- The economical downturn has led to a big strain on low-income households, especially seniors.
- Low-income households are having difficulty dealing with energy costs.
- Fortunately, there are plenty of programs that help low-income households and seniors cover their energy costs.
The economical downturn due to recent events has led to a big strain on low-income households, including seniors. One place where these households are seeing great strain is on their energy bill. Two-thirds of low-income households spend more than six percent of their income on energy costs, according to a 2020 report. Furthermore, two out of every five low-income households spend more than 10 percent of their income on energy costs.
Fortunately, there are programs that can help low-income households — and specifically seniors — save money on, or even cover, their energy costs.
1. Low-Income Home Energy Assistance Program
The Low-Income Home Energy Assistance Program (LIHEAP) was established in 1981 to help low-income families, including seniors, with their energy costs. LIHEAP does this by providing funds to:
- Cover monthly energy bills;
- Deal with energy crises;
- Increase the energy efficiency of one’s home, and;
- Assist in energy-related home repairs.
To qualify for LIHEAP, a household must prove they need financial assistance with home energy costs. If a household already participates in other government benefit programs like SNAP, SSI, and TANF, they will automatically qualify. For households that don’t participate in a benefit program, eligibility is determined by the annual household income before taxes. Eligibility starts at $20,385 per year for one person and increases by $7,080 per each additional person.
LIHEAP is available to households in:
- All 50 states;
- The District of Columbia;
- Puerto Rico;
- American Samoa;
- The Commonwealth of the Northern Mariana Islands;
- Guam, and;
- The U.S. Virgin Islands
2. Weatherization Assistance Program
Instead of providing funds to low-income households, the Weatherization Assistance Program (WAP) works with local weatherization providers to increase the energy-efficiency of low-income homes. Thanks to these improvements and upgrades, households can save an average of $372 or more per year.
Rather than focusing on low-cost improvements, WAP takes a whole house approach to weatherization. This means that providers will look over every system in the house from the electrical system to the heating and cooling to see what exactly needs repairs or full-on upgrades. This can include:
- Adding insulation and weather-stripping;
- Repairing gas, oil, or water leaks;
- Installing programmable thermostats and energy efficient lightbulbs, and;
- Replacing filters, fire alarms, and inefficient appliances.
In addition to reducing energy costs, the improvements funded by WAP are meant to improve the health and safety of low-income households. In fact, the program reports that households save about $514 in out-of-pocket medical expenses and $583 in missed pay per year.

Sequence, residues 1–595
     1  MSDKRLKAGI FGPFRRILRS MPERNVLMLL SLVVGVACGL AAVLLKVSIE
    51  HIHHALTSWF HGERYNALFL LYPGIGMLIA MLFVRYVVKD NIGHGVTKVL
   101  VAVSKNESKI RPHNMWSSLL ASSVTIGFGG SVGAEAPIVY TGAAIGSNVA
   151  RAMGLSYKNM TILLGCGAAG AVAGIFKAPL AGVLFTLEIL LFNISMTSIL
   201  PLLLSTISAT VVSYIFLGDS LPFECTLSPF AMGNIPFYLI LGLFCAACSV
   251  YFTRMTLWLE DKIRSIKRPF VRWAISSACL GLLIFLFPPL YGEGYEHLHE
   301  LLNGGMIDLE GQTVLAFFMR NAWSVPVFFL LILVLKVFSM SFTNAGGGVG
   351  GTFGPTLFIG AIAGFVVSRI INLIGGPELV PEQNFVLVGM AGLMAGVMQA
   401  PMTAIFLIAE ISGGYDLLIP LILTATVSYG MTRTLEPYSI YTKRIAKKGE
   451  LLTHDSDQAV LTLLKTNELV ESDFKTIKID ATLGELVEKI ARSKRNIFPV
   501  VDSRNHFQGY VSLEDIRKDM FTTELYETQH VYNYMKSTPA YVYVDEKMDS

In order to qualify for WAP, households will need to prove that they are classified as low income. Moreover, preference for weatherization is given to:
- Families with children;
- Families where one or more members have a disability, and;
- Seniors over the age of 60.
3. Emergency Home Energy Assistance for the Elderly (EHEAP)
If you belong to a low-income household in Central Florida with at least one member over the age of 60, you may qualify for the Emergency Home Energy Assistance for the Elderly (EHEAP). Those that qualify for assistance can receive up to $5,000 to pay their energy bill in case of an emergency.
On top of assisting with one’s energy bill, funds provided by EHEAP can be used to:
- Repair one’s electrical and/or heating and cooling systems;
- Purchase emergency supplies such as blankets, portable fans, space heaters, and window air conditioners;
- Pay off late fees and other charges incurred by the elderly member of the household, and;
- Pay for temporary emergency shelter.
To qualify for EHEAP, households must provide:
- Valid identification that proves the applicant is 60 or over and resides in Orange, Osceola, Brevard, or Seminole county;
- Social Security cards for all household members;
- Documentation on total household income;
- Proof that the applicant is receiving a government benefit program such as SNAP, SSI, or TANF, and;
- Proof that the applicant is experiencing a home energy crisis.
4. Project REACH
NV Energy has been providing energy to citizens and tourists of Nevada for over 150 years. To better serve their most vulnerable customers, NV Energy has teamed with the United Way of Nevada to provide Project REACH.
Short for “Relief through Energy Assistance to Prevent Customer Hardships”, Project REACH aids seniors that are 62 or older with their energy needs. All that NV Energy requires of possible applicants is to contact one of the United Way’s partner agencies, including HopeLink, Salvation Army, and United Labor Agency of Nevada.
Much like LIHEAP, eligibility for Project Reach is determined by the annual household income before taxes. Eligibility starts at $24,690 per year for one person and increases by $6,270 per each additional person.
Search Online for Energy Assistance
Everyone deals with energy bills, but it shouldn’t be a source of stress for your family. Low-income families, and especially seniors, are vulnerable to rising heating and cooling costs. But, with a quick online search, you can find an energy saving program available in your area.
Finding a program near you that can assist in paying some, or all, of your energy costs is easy. Next time your bill comes around, feel good knowing a local or national program is helping you feel the most comfortable in your own home.